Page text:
The unemployment rate for Hispanics fell to 11 percent in December, the Bureau of Labor Statistics (BLS) reported Friday. That is the lowest rate since unemployment for Hispanics peaked at 13.2 percent in November 2010.
The overall unemployment rate fell to 8.5 percent, the BLS reported, down from 9.1 percent in January 2011 and the lowest rate for all of 2011.
The BLS reported a total of 200,000 jobs had been added to the nonfarm payroll ranks in December. The total number of jobs added in 2011 topped 1.6 million, or an average of 149,090 jobs added each monthly. While encouraging, the average is far less than the 400,000 jobs added monthly in 2007. Even if job growth returns to the 2007 levels, analysts say it might take at least two years to rehire the 7 million workers who lost jobs during the recession.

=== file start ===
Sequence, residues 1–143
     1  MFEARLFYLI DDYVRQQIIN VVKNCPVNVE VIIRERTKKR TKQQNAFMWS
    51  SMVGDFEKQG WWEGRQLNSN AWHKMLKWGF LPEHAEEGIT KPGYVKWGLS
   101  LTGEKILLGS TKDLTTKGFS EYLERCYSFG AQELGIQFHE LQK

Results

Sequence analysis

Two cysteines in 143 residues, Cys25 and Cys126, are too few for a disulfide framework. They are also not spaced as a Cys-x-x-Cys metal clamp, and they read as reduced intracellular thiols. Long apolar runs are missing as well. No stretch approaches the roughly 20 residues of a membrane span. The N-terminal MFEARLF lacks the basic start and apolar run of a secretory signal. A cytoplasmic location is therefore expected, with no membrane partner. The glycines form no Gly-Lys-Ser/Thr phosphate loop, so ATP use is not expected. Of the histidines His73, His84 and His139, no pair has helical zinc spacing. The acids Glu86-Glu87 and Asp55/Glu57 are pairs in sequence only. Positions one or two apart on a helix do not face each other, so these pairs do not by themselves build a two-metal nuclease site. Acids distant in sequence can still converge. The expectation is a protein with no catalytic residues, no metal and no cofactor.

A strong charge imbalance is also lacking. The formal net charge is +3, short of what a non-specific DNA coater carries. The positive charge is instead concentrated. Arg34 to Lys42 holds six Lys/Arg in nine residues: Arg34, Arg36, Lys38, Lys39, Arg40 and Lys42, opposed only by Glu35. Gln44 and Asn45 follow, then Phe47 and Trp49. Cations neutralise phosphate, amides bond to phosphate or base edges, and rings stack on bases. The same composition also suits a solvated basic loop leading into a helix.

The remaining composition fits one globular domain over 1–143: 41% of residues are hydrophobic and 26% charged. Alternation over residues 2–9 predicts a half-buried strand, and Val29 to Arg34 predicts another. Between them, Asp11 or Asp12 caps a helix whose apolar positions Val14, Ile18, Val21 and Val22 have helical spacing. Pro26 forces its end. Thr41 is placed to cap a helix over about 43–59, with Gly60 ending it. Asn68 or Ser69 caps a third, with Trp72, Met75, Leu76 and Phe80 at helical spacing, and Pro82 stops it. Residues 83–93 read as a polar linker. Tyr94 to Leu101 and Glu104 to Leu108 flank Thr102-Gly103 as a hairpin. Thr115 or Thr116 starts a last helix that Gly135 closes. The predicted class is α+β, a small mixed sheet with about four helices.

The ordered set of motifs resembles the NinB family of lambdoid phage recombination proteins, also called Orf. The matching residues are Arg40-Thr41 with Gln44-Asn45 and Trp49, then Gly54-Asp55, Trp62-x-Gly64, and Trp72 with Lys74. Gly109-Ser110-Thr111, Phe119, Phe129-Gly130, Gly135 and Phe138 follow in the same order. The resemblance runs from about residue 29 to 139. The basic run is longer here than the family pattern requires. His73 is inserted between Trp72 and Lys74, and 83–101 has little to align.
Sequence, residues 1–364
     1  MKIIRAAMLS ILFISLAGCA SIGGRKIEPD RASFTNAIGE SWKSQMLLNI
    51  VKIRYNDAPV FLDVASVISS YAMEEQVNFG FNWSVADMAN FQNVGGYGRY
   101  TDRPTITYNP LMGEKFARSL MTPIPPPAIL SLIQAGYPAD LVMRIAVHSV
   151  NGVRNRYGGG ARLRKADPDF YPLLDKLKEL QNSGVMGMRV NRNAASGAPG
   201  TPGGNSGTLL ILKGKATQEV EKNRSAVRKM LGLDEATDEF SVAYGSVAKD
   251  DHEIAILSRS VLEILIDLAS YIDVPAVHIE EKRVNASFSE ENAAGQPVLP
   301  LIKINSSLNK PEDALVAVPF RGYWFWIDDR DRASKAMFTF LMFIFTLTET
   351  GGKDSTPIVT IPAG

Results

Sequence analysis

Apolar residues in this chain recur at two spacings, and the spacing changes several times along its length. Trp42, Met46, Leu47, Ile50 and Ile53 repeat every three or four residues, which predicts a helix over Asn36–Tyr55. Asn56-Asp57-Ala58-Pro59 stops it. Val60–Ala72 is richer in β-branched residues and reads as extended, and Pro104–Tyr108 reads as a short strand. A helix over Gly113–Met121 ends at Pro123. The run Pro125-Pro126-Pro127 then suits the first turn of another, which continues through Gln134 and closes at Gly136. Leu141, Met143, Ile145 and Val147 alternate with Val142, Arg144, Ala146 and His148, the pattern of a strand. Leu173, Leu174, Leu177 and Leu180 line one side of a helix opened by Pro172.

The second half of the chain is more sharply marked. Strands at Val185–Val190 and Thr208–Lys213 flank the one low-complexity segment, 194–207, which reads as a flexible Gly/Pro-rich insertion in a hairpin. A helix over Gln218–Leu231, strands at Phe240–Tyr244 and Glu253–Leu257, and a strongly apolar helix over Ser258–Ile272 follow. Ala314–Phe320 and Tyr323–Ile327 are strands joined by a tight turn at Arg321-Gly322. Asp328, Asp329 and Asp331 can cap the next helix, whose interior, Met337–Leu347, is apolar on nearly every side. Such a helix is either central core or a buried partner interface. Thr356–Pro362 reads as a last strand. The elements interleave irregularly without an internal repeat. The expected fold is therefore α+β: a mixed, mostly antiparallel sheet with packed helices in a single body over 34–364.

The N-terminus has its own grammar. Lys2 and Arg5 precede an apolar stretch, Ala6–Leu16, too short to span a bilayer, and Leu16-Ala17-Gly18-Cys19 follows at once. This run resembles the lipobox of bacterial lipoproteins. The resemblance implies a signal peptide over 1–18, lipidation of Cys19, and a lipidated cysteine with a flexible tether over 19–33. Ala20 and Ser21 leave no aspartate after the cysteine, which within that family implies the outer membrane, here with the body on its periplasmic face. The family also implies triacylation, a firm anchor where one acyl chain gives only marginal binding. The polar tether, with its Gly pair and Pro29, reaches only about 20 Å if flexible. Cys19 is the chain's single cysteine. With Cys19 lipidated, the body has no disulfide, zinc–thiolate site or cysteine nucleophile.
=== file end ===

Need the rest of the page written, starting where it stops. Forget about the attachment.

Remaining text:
The drop in the Hispanic unemployment rate might be the result of good job growth in five key employment sectors that accounted for 139,900 of the 200,000 new jobs in December.
Transportation and warehousing, which had added only 9,800 jobs from January to November, surged with 50,200 jobs added. Health care continued its steady job growth with 28,700 new jobs. Manufacturing added 23,000 jobs and leisure and hospitality added 21,000.
The troubled construction sector, which had shed 5,000 jobs between January and November, bounced back by adding 17,000 new jobs in December.
For the years, job growth in these sectors remained in positive territory – health care, 329,400; manufacturing, 176,000; leisure and hospitality, 160,000; transportation and warehousing, 60,000; and construction, 12,000.
Government continued to shed jobs in December, 12,000, and ended up the year with a job decrease of 271,000.
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